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Sunak ‘profoundly wrong’ not to speak to First Minister over Tata job losses – shadow minister

23 Jan 2024 4 minute read
Shadow business secretary Jonathan Reynolds. PhotoMaja Smiejkowska/PA Wire

Rishi Sunak’s decision not to call First Minister Mark Drakeford after Tata Steel announced it would cut jobs in Port Talbot was “profoundly wrong” Labour’s shadow business secretary Jonathan Reynolds has said.

Tata Steel confirmed plans to close blast furnaces at its plant in Port Talbot on Friday (19 January) with the loss of more than 3,000 jobs.

About 2,800 jobs will go over the next 18 months, with a further 300 to be lost.

Speaking in the Commons, Mr Reynolds said: “I do think the decision of the Prime Minister and the Business Secretary to refuse to even have a phone call with the First Minister of Wales about this matter was profoundly wrong.

“Anyone who is a supporter of the Union wants to see productive relationships across all UK governments and I think the Prime Minister’s behaviour reflects extremely badly on him, on this occasion.”


Intervening, Welsh Secretary David TC Davies said: “I, as the chairman of the transition board supporting all those workers who face the loss of their jobs, offered to speak to the First Minister last week. He’s been too busy to do so, so far.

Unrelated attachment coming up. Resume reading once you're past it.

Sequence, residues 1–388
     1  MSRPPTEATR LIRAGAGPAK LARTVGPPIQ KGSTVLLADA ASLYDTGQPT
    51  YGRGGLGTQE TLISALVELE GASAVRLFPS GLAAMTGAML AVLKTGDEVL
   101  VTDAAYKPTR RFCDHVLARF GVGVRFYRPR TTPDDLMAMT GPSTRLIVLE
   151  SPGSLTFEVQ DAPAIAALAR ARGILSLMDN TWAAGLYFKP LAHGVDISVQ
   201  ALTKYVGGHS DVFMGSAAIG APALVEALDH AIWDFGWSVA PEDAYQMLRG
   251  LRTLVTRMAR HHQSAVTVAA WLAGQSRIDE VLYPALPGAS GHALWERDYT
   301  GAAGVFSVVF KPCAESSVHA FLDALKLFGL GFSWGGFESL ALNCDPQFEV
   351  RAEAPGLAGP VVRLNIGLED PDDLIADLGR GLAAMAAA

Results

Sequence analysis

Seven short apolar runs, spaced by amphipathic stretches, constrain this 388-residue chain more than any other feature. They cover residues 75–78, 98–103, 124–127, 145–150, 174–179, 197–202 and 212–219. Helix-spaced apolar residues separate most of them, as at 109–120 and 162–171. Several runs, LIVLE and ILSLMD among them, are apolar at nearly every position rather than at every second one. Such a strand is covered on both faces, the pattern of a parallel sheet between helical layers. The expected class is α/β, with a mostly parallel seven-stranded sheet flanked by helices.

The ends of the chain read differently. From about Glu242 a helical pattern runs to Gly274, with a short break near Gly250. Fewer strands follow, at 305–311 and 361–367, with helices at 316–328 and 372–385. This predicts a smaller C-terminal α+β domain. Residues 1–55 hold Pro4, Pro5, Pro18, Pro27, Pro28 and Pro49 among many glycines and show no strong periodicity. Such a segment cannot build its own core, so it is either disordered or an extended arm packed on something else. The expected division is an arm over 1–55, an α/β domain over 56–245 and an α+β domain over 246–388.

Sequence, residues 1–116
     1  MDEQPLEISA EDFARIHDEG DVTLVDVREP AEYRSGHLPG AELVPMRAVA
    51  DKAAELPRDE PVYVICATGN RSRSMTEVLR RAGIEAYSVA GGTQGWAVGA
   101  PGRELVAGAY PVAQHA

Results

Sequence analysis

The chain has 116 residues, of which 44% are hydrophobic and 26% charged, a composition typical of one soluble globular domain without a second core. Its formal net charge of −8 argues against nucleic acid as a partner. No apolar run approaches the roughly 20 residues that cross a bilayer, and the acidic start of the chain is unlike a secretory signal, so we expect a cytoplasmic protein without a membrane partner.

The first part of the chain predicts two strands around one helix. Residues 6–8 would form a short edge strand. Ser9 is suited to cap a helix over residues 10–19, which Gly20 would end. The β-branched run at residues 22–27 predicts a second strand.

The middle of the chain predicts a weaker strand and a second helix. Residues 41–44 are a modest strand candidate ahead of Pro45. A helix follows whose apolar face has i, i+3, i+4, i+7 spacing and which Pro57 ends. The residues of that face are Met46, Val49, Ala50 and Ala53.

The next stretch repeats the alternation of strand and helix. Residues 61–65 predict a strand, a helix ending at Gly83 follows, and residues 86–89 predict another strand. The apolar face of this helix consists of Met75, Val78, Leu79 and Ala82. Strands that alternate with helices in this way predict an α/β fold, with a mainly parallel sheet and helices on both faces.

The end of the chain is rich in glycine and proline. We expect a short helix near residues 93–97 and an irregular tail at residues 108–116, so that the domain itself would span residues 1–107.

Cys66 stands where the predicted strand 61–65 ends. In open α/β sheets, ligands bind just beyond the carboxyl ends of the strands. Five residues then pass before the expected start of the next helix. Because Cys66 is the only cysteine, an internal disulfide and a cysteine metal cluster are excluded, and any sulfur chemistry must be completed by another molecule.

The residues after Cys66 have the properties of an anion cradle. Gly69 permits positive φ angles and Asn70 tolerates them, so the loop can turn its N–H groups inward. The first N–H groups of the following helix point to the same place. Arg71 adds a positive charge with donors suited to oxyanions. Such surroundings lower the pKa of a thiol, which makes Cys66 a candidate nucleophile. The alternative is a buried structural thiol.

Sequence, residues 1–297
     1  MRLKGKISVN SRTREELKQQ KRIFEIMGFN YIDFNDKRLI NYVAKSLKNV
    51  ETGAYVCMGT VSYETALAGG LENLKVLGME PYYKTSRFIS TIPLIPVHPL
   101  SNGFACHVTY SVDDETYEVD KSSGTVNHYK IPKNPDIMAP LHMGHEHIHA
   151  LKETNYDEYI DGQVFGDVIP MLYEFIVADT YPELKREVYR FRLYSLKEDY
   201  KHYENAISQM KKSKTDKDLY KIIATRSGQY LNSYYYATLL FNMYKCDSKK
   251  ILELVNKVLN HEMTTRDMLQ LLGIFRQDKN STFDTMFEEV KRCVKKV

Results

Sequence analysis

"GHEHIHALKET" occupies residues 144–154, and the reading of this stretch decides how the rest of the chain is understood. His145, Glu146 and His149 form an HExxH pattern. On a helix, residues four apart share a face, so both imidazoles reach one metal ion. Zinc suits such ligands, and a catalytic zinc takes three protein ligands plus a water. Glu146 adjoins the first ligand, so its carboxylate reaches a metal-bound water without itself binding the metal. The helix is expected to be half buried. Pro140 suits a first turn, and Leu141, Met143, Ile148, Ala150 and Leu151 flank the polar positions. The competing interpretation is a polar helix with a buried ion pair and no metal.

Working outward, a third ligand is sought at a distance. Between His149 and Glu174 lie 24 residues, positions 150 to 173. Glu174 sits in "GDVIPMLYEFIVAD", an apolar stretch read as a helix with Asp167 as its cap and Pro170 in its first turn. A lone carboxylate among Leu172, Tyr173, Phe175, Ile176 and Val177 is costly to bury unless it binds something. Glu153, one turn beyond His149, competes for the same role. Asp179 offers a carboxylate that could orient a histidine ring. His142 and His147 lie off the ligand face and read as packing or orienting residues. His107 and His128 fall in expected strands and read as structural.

“And he’s known about this potential problems since September and only when it appeared in all over the papers did he suddenly appear to take an interest and want to make phone calls.”

Mr Reynolds replied: “I have to say I think that’s a pathetic response. I mean no discourtesy but I think that’s pathetic, it is entirely reasonable for the First Minister of Wales to see a conversation with the Prime Minister of the United Kingdom.”

Earlier the shadow minister said he was “begging” the Government not to make an irreversible decision on Wales’ steel industry.

He said: “To state the obvious, we could decarbonise anything if by shutting it down, and the cheapest path will likely always involve outsourcing most of our industrial production to other places.

“But if we do that, and this is what the Government’s plan for Port Talbot is, we will spend millions of pounds, we will see huge job losses and actually we will see global emissions rise as we effectively offshore our emission and then we claim that is progress, and this would be a fundamental political mistake with potentially enormous ramifications for the future of the transitions to net zero, and we should know this from our own past.”

He added: “How you manage a transition is fundamental, and in the past as a country we have got this wrong. Levelling-up, supposedly the flagship policy from the Government, is surely a recognition that the scars of those years, of the impact of deindustrialisation are still felt in many parts of the UK today. Yet the Government risk making the same mistakes all over again.”

In his conclusion, Mr Reynolds said: “So minister I’m asking you, quite honestly I am begging you, consider the arguments, consider what is really value for money, and do not make decisions that are irreversible and prevent a far better outcome in future.”

‘A difficult time’